By Soyoung Oh
As the 2023 UN Climate Change Conference (COP28) is approaching, more attention has been given to how much progress will be made in Dubai on globally pursuing CO2 removals. Despite the increasing recognition of carbon dioxide removal technologies in academia, industry, and policy, significant challenges to securing substantial funding remain. Matthias Honegger, Head of Carbon Dioxide Removals at Perspectives Climate Research, provides a roadmap for effective, systematic, and fair mobilization of funds to support carbon dioxide removal projects in his recent commentary in Nature Communications.
To date, funding has been insufficient for accelerating CO2 removal projects due to a lack of supportive policies. Honegger writes, “Most funding for CO2 removal has been voluntary and via the private sector including encouraging investments in innovation.” Examples from the private sector include Frontier from Stripe, the Climate Transformation Fund - a cooperation between the Milkywire climate fund and Klarna, and Microsoft. National policies in Sweden, Switzerland, and the United States are also emerging to pursue carbon dioxide removal initiatives. Yet, Honegger explains that the efforts need to be “strengthened and normalized internationally to mobilize CO2 removal technologies at rates commensurate with 2050 net-zero targets”. Honegger highlights the need for “tailored incentivization across sectors and countries” for an adequate portfolio of CO2 removal options.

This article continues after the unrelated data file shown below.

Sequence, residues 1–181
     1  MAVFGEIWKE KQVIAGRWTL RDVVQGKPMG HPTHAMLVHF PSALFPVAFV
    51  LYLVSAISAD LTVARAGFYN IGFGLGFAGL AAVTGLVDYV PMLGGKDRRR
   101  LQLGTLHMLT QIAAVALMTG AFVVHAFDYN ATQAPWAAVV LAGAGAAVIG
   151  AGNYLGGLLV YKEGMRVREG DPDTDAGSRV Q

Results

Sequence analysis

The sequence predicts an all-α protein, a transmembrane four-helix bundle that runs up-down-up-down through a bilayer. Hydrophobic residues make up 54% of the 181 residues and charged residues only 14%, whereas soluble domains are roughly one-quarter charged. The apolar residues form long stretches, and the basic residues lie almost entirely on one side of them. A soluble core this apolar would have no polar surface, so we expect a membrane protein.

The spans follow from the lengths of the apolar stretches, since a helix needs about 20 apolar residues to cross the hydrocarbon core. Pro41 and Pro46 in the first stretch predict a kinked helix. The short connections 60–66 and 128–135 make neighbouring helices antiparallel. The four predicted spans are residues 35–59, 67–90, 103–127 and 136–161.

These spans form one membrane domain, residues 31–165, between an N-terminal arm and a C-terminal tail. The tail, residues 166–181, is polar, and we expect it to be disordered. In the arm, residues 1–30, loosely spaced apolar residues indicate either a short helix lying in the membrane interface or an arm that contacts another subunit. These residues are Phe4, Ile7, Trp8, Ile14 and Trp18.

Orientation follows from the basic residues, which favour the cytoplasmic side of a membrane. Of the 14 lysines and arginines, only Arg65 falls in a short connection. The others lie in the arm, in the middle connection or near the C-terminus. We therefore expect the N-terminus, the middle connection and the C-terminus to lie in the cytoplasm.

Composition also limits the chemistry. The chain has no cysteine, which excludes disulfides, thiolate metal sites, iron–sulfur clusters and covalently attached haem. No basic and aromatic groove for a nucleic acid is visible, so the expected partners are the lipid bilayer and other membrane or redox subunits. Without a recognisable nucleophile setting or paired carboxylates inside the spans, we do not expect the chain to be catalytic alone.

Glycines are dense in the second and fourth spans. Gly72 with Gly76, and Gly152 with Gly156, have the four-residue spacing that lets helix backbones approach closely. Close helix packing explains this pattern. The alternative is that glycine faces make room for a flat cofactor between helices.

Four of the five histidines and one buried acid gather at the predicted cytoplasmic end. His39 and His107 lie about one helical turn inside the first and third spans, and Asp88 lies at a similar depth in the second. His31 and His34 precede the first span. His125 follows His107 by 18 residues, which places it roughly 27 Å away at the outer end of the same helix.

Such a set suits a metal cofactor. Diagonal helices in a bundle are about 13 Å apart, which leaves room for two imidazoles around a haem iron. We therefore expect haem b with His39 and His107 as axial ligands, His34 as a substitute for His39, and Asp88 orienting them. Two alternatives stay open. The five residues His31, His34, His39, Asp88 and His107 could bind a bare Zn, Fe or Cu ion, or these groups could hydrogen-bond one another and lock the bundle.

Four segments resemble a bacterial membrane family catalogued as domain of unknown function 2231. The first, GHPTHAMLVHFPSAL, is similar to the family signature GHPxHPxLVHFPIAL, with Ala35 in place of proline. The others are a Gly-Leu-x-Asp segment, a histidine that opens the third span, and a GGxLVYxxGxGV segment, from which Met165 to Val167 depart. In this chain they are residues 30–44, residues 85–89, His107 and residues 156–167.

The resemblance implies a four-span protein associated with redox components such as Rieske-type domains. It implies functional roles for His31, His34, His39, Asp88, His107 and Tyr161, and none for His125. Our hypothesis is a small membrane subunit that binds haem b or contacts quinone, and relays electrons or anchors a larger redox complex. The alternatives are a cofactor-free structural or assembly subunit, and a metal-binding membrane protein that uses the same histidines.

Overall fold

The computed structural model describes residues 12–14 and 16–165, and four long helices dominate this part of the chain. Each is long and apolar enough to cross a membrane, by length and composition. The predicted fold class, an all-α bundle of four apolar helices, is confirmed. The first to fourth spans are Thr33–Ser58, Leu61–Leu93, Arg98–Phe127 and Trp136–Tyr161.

To address it, Honegger is calling for a coalition of climate leaders to “step forward and publicly commit to executing necessary policy steps in line with existing net-zero targets at COP28” in his commentary. To effectively mobilize funds and share insights on what national policies work to scale removals and emissions-reducing CCS, he calls for a Carbon Management Commitment Coalition.
Honegger writes, “Coalition members would declare quantitative milestones for the scaling of both removals and CO2 storage aligned with their respective net-zero target years. They would each commit to devising a nationally best-suited approach to funding CO2 removals”. For instance, governments could consider imposing obligations on industry players to scale removals through sector agreements or market-based instruments.
In addition, the coalition could facilitate peer-learning as an incentive to attract less technologically advanced countries. International cooperation through carbon markets could also be made to mobilize efficient action across borders. At the same time, it would be important to differentiate CO2 removals and emissions reductions with “high standards and transparency in planning and monitoring”.
Honegger highlights that more political accountability is needed – the coalition should emerge at COP28, and members should “commit to scaling funding with intermediate net-zero aligned milestones.” Instead of fragmented efforts to scale up CO2 removals, coalition efforts could “unlock a step-change and mobilize decisive policies and funding to scale CO2 removals and storage.”